Sun Layoffs Late But Needed, VARs Say
Sun Microsystems' plan to lay off up to 18 percent of its workforce is better late than never, according to the company's solution providers. Sun on Friday said it plans to lay off between 5,000 and 6,000 employees, or up to 18 percent of its workforce, in an effort to reduce annual costs by $700 million to $800 million.
Sun's channel partners called the move a big opportunity for them, but wished the company would have made such a big cut years ago instead of the tiny cuts that kept Sun's employees on edge for fear of losing their jobs at any time.
The move was nine years too late, said one solution provider, who requested anonymity.
"It's not enough, but it's a move in the right direction," the solution provider said. "They have to get leaner and meaner."
The solution provider praised Sun for moving in the right direction, but cautioned the vendor that it should not stop now.
"They should be very vigilant, and should be prepared for the next phase," the solution provider said. "This shows that Sun is finally out of the denial phase."
As such, it is a huge benefit for the channel, the solution provider said. "If Sun is getting rid of up to 18 percent of its workforce, it leaves them more dependent on the channel than ever before."
Sun announcement that it plans to lay off up to 6,000 employees only adds to the uncertainty the company's employees face, said John Murphy, executive vice president of Advanced Systems Group, a Denver-based solution provider and Sun partner.
"Instead of saying 'Sun to lay off up to 6,000 people,' they should have said, 'Sun laid off 6,000 people,'" Murphy said. "That's a lot of uncertainty. They should have waited until Monday and handed them a package and a pink slip. They should just get it over with."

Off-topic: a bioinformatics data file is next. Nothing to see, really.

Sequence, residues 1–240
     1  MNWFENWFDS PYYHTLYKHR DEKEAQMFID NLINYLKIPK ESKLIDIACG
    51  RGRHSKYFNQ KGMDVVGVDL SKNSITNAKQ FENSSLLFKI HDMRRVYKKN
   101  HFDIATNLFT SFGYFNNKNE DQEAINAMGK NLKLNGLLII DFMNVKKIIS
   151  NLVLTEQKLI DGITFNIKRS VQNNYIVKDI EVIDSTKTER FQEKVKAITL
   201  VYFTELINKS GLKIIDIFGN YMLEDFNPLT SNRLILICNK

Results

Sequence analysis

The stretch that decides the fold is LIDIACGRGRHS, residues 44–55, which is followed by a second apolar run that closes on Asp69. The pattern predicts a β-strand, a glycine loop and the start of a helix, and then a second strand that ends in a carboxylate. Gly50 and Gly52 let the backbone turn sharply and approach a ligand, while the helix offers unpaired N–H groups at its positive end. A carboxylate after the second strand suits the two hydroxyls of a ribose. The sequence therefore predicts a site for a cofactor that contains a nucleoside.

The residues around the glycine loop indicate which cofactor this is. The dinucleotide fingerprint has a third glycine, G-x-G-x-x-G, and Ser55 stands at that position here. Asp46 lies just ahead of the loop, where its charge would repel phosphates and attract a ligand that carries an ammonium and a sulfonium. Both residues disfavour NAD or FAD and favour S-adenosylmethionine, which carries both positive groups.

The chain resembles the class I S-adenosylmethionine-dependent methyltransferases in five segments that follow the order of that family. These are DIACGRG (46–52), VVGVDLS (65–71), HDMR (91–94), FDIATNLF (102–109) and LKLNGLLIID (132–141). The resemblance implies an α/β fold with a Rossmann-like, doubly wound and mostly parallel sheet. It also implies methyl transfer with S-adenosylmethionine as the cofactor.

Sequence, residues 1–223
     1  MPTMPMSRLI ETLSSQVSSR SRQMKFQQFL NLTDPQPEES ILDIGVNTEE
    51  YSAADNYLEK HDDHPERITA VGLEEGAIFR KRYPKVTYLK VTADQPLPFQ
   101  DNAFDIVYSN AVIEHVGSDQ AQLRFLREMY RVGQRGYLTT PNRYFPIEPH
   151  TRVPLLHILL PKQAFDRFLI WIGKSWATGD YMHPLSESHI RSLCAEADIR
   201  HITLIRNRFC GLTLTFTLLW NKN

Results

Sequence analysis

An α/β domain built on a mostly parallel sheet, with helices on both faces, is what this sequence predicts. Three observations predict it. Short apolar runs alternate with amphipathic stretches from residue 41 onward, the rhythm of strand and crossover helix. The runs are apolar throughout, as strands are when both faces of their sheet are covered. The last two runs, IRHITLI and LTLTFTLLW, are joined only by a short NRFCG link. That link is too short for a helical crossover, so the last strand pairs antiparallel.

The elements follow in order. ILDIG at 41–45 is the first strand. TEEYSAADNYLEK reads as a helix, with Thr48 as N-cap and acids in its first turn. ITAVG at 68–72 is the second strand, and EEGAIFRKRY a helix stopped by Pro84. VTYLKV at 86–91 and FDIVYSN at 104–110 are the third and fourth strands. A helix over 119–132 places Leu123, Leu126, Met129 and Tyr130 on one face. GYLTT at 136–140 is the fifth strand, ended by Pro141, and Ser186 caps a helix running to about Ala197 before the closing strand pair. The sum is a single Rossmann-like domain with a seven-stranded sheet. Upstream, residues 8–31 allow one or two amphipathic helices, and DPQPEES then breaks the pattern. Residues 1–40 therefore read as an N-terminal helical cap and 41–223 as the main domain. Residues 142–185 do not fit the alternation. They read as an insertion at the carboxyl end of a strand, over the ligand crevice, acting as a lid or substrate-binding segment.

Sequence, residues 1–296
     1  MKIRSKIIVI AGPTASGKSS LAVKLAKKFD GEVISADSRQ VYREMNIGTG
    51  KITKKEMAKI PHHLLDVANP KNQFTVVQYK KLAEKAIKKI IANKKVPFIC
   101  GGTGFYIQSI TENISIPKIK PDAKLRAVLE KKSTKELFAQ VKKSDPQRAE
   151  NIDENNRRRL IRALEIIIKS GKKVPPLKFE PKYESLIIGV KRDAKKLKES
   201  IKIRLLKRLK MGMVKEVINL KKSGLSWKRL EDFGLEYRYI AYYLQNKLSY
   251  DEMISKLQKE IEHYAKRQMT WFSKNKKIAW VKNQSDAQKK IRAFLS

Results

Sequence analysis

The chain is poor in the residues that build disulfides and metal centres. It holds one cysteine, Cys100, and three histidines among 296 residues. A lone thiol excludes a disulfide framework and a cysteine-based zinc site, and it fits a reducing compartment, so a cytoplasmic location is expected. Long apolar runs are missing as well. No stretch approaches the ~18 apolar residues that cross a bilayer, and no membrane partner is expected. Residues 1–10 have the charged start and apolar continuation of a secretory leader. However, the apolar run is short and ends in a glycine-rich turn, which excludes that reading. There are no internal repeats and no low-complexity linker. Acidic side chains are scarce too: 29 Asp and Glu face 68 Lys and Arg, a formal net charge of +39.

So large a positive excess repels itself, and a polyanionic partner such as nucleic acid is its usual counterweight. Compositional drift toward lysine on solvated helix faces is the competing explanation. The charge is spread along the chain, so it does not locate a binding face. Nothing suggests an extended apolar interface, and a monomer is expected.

Murphy said that, while it is admirable for Sun to try to keep its employees, the company still has to manage its business.
"A company's got to be profitable," he said. "You have to convince your customers that you are an on-going, viable business with your ducks in a row. We've been telling Sun that for a long time."
The layoff will bring new opportunities to Sun's channel partners, Murphy said.
"Sun all of a sudden has to do more with less," he said. "And we are an expensive, high-overhead sales organization that doesn't cost Sun a dime. If I were Sun, and were laying people off, I'd be trying to get them hired by their partners."
Andrew Kotarba, president and CEO of Dewpoint, a Lansing, Mich.-based solution provider and Sun partner, said that while he hates to see 6,000 people lose their jobs, the Sun partner community agrees it needs to be done.
"You have a company that still has a healthy revenue run rate," Kotarba said. "It needs to get profitable. It gets the pressure off their back from the earnings report."
Kotarba, too, sees a big opportunity for the channel in the layoffs. "Sun placed bets on its channel partners to go to market for them," he said. "With the cuts, they will depend on us more. Dewpoint is heavily invested in Sun. This is an opportunity for us to do more."
Whether the cuts are enough remains to be seen, however. "Sun said it will save $700 million to $800 million annually," Kotarba said. "If there are no other serious downturns, it should be enough. We all go through this as business owners. We need revenue to be higher than expenses."
Kotarba said a lot of the questions about Sun's viability are actually started by competitors, but that Sun's balance sheet and technology show it to be a very viable company.
"Sun's technology is second to none," he said. "Some customers ask about it, some don't. We don't have that discussion with Sun's installed base of customers. They know Sun and its technology. But when trying to displace Dell or HP or IBM, you need firepower. With all the noise in the marketplace, it's hard. We need the merits of the technology to stand on their own."
All three solution providers cited as an example of Sun's technology its new "Amber Road" storage architecture which combines its server and software technology with off-the-shelf components in a high-performance, low-power consumption offering.
"Amber Road" is how Sun refers to its new Storage 7000 Unified Storage Systems, part of Sun's Open Storage platform under which it aims to help customers build high-performance storage products using commodity components.
Amber Road will hit some price points that will get attention, Murphy said.
"It has the potential to open new business in traditional non-Sun storage accounts," he said. "If Sun comes out with a good demo unit program that gets it in the hands of the right people, it could do well."